Hydrogen (H2) is a strong reducing agent in the presence of catalysts such as platinum, nickel and palladium. H2 selectively reduces the hydroxyl radical (·OH), a highly cytotoxic ROS, in cultured cells,8 resulting in the production of free hydrogen (·OH + H2 → H2O+H). Exhaled H2 is useful for diagnosing small intestinal bacterial overgrowth and carbohydrate malabsorption and is applied clinically to evaluate intestinal digestive problems.9 10 H2 produced by enterobacterial fermentation is absorbed into the portal circulation and excreted in the breath.11 H2 excretion is thought to be related to systemic antioxidation activity. In patients with CHF, sympathetic activity tends to be greater at night than during the daytime. We speculated that increased production of ROS at night increases systemic H2 consumption, including in the intestine, causing a decrease in production of H2 during the night in patients with CHF. The relationship of exhaled H2 and haemodynamic parameters has not been described. The aim of this study was to determine whether the change in exhaled H2 during night sleep (=ΔH2) could be a marker of CHF severity. Mitochondria are damaged by ROS as well as being a source of ROS.12 13 We also investigated the association of ΔH2 and the presence of mitochondrial vacuoles in electron micrographs of endomyocardial cells collected from patients with dilated cardiomyopathy (DCM).
We prospectively enrolled patients with CHF with elective cardiac catheterisation. Patients were diagnosed with two major criteria or one major CHF criterion in conjunction with two minor Framingham criteria14 by at least two independent cardiologists at the National Cerebral and Cardiovascular Centre between December 2014 and September 2015. After excluding those with significant coronary artery disease confirmed coronary angiography, a total of 108 patients were included in the study. Patients with a history of open heart surgery, non-invasive positive pressure ventilation and/or home oxygen therapy, end-stage renal failure, other than the heart failure diet, digestive disorders, or not willing to provide informed consent were also excluded. Fifteen patients without CHF were enrolled as the control group. The control patients were admitted to the same hospital for catheter ablation for arrhythmia during the same period, 14 with paroxysmal supraventricular tachycardia and one with premature ventricular contractions. Demographic, laboratory and echocardiographic data were collected from the patients’ medical records at the time of study enrolment.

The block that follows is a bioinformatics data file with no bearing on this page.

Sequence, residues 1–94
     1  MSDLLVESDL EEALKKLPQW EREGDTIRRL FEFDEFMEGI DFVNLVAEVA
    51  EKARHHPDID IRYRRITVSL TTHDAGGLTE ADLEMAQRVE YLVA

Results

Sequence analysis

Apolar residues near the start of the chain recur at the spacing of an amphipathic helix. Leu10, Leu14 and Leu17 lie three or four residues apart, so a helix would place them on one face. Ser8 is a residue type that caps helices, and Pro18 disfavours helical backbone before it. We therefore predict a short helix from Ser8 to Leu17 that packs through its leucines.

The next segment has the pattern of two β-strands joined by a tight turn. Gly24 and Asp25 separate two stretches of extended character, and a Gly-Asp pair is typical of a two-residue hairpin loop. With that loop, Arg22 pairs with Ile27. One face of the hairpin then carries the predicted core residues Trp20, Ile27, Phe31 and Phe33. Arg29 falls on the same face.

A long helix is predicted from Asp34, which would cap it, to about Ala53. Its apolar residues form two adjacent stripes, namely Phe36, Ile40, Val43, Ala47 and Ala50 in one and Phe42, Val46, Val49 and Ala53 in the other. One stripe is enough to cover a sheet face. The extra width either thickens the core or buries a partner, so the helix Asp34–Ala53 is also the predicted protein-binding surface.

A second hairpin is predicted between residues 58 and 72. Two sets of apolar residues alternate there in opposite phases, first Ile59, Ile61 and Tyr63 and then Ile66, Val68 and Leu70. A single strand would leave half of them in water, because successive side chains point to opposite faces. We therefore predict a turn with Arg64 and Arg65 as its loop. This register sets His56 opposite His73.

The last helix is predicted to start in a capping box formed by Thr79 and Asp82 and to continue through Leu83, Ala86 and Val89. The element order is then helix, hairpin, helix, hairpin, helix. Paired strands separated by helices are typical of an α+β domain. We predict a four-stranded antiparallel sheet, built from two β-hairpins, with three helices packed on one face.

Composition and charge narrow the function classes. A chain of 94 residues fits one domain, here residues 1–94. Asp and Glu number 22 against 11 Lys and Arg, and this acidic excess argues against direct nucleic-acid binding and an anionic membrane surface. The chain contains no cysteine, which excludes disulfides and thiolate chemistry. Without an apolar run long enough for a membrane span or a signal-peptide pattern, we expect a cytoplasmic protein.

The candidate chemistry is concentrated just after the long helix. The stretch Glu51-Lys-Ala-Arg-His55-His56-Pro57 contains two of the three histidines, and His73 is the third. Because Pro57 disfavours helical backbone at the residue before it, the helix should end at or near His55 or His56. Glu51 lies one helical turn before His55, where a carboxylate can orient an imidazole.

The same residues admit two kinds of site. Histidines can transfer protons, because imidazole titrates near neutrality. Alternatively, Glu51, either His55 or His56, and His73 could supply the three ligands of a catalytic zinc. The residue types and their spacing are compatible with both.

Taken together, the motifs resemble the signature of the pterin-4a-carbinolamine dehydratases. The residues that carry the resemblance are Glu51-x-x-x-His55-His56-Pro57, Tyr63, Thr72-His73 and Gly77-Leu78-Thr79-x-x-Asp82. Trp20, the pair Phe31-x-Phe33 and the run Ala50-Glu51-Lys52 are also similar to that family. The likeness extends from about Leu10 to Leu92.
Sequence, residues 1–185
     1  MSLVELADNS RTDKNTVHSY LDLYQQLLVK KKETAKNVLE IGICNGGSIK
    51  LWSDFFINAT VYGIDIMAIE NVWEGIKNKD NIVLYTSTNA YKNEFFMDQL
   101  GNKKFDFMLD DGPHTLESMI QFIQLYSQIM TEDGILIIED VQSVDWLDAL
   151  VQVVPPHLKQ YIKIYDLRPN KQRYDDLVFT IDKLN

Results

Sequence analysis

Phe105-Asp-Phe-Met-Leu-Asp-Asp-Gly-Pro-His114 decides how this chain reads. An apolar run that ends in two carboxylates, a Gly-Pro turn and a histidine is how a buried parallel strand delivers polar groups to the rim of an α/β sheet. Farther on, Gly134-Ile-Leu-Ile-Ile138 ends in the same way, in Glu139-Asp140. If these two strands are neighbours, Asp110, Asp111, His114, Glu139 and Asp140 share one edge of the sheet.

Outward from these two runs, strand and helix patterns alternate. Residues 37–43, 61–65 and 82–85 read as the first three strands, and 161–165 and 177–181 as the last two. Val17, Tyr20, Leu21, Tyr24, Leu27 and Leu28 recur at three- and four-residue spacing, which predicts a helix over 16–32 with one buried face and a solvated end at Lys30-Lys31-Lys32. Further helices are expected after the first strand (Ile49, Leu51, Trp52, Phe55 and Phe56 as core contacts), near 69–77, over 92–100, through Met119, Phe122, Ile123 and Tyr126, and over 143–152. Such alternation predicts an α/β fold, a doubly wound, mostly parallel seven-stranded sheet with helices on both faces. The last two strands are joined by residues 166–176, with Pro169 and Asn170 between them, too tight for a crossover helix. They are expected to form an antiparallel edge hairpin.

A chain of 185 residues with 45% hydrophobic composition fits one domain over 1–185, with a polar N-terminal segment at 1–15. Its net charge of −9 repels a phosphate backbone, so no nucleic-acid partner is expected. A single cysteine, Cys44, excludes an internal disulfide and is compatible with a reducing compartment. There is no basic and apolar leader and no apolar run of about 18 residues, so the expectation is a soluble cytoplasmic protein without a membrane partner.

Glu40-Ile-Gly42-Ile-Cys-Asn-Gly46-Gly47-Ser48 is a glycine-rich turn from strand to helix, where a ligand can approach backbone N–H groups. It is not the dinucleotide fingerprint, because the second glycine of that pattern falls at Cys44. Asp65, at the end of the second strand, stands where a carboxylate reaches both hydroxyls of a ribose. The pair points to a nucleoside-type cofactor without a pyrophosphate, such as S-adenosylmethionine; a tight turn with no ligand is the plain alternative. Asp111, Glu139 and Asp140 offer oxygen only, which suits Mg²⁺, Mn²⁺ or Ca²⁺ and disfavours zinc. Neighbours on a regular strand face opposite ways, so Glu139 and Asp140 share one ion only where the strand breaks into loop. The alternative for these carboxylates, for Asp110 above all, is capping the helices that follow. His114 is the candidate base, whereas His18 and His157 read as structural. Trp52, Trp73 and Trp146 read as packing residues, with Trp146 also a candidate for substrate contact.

Study design and assays
All patients were put on a hospital heart failure diet of 1600 kcal energy with 245 g carbohydrates, 60 g protein and 40 g fat. End expiration breath was collected in a sampling bag (Laboratory for Expiration Biochemistry, Nourishment Metabolism, Nara, Japan) the morning after an overnight fast and before sleep more than 2 hours after eating. Within 48 hours, the collected breath was transferred to a gas-tight glass syringe, and 1 mL was injected into a gas chromatograph with a semiconductor detector (TRIlyzer mBA-3000, Taiyo, Osaka, Japan) to measure H2. The concentration of the sampled gas was calculated by subtracting ambient air collected in the same bag. The overnight ΔH2 was calculated by subtracting the exhaled H2 level before sleep from that in the morning. Blood and urine sampling was performed in the early morning. Circulating albumin, uric acid (UA), creatinine, sodium, total bilirubin, C-reactive protein (CRP), high-sensitivity troponin T (hsTnT) and B-type natriuretic peptide (BNP) were assayed by certified methods in the of Clinical Laboratory Department of the National Cerebral and Cardiovascular Centre. The estimated glomerular filtration rate (eGFR) was calculated using the modified isotope dilution mass spectrometry traceable Modification of Diet in Renal Disease (IDMS–MDRD) study equation: eGFR (mL/min/1.73 m2) = 194 × (serum creatinine)−1.094 × (age)−0.287 × (0.739 for women).15